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Around the world, Bitcoin miners use approximately 348 terawatt hours of energy (the prefix “tera-” meaning trillions) per year. That means that crypto mining alone consumes more energy annually than most countries in the world use for all residential and commercial activity, including the United Kingdom, Italy, Mexico, Saudi Arabia, and Australia, according to data aggregated by Visual Capitalist.

As it stands, the majority of Bitcoin mining already takes place in the U.S., accounting for 37.8 percent share of the entire network by hashrate (a computational measure of a cryptocurrency’s blockchain). That’s been the case since the summer of 2021, when China—which previously represented 75 percent of the hashrate—initiated a crackdown on the digital asset, fearing that the highly volatile currency could undermine their nation’s monetary system.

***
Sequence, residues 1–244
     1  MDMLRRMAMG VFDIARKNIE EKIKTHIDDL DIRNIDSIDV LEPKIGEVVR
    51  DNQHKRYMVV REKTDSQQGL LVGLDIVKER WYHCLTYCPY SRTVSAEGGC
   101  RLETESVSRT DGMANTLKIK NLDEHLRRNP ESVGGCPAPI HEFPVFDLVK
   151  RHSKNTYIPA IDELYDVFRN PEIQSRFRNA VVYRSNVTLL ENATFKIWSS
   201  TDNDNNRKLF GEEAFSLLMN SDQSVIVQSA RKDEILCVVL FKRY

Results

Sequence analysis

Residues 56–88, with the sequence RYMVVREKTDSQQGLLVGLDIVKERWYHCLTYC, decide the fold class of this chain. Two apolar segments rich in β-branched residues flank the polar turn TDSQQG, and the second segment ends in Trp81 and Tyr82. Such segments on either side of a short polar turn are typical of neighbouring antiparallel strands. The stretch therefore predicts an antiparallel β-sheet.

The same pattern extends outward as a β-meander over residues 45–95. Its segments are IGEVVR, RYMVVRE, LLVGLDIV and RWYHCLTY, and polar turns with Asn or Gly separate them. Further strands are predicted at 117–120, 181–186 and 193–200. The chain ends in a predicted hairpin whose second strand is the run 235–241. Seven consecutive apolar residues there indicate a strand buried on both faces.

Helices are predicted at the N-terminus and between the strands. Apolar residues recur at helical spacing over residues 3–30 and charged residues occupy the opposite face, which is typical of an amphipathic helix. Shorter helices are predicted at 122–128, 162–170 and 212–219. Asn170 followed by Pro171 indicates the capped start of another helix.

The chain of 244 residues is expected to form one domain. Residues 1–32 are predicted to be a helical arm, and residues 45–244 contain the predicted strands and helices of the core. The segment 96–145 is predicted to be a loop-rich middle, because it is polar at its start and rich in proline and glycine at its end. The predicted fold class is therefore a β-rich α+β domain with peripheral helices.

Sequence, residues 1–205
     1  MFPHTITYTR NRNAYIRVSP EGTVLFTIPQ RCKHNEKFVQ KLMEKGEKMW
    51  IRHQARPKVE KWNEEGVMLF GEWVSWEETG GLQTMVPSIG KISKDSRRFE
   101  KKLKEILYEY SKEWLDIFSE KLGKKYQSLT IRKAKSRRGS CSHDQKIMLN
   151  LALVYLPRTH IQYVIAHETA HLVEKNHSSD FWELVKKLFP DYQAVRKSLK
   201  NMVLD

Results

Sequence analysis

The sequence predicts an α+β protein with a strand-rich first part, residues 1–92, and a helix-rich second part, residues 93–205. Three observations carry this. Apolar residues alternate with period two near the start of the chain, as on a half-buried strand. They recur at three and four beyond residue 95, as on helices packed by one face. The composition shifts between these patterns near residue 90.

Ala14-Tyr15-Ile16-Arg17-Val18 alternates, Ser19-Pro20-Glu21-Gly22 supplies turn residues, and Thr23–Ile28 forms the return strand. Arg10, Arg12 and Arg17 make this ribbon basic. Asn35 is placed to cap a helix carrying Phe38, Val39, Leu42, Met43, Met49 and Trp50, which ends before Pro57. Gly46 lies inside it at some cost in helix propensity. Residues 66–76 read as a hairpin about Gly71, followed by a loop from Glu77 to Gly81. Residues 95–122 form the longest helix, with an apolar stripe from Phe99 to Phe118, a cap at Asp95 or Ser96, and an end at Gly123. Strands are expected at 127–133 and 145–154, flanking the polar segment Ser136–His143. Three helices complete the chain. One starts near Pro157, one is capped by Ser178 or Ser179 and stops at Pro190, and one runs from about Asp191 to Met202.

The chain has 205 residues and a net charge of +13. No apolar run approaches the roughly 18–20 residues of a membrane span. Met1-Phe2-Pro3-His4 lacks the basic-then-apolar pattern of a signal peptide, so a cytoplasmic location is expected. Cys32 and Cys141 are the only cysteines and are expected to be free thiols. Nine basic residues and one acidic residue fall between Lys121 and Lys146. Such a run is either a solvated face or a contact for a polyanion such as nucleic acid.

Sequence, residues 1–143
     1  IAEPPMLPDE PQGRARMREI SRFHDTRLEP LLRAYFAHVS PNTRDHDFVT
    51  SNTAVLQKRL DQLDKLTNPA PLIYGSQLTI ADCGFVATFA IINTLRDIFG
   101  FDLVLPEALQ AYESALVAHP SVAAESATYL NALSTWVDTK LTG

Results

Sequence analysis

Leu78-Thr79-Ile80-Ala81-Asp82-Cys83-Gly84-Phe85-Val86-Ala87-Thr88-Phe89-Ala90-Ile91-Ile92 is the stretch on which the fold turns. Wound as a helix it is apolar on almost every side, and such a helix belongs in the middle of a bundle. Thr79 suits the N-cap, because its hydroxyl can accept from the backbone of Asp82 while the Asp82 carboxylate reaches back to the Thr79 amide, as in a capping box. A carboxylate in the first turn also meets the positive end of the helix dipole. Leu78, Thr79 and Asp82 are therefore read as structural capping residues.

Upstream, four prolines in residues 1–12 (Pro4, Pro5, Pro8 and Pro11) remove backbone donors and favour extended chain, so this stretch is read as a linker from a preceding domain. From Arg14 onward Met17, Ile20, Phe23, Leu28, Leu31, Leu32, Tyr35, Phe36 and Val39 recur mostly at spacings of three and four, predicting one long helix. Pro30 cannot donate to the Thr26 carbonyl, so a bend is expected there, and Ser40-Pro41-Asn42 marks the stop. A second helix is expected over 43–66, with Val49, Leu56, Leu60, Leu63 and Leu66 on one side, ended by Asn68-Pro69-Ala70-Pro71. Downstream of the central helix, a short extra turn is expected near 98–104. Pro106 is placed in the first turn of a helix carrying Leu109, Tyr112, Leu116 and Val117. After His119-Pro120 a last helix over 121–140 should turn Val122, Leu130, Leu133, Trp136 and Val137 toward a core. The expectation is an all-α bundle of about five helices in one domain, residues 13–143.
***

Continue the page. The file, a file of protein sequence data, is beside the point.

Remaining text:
Ultimately, Trump’s promise that more crypto mining would make the country “energy dominant” simply doesn’t make sense. Mining Bitcoin doesn’t produce energy, as Trump’s call for “energy dominance” would imply. Instead, it requires a massive but incredibly unpredictable amount of energy to produce.